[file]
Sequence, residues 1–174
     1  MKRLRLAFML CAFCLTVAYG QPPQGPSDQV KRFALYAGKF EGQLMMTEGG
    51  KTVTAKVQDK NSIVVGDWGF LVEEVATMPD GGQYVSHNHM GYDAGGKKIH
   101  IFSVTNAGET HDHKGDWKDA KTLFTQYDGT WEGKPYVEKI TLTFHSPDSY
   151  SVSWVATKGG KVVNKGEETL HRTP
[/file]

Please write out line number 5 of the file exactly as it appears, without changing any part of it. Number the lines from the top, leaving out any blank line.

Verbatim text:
   151  SVSWVATKGG KVVNKGEETL HRTP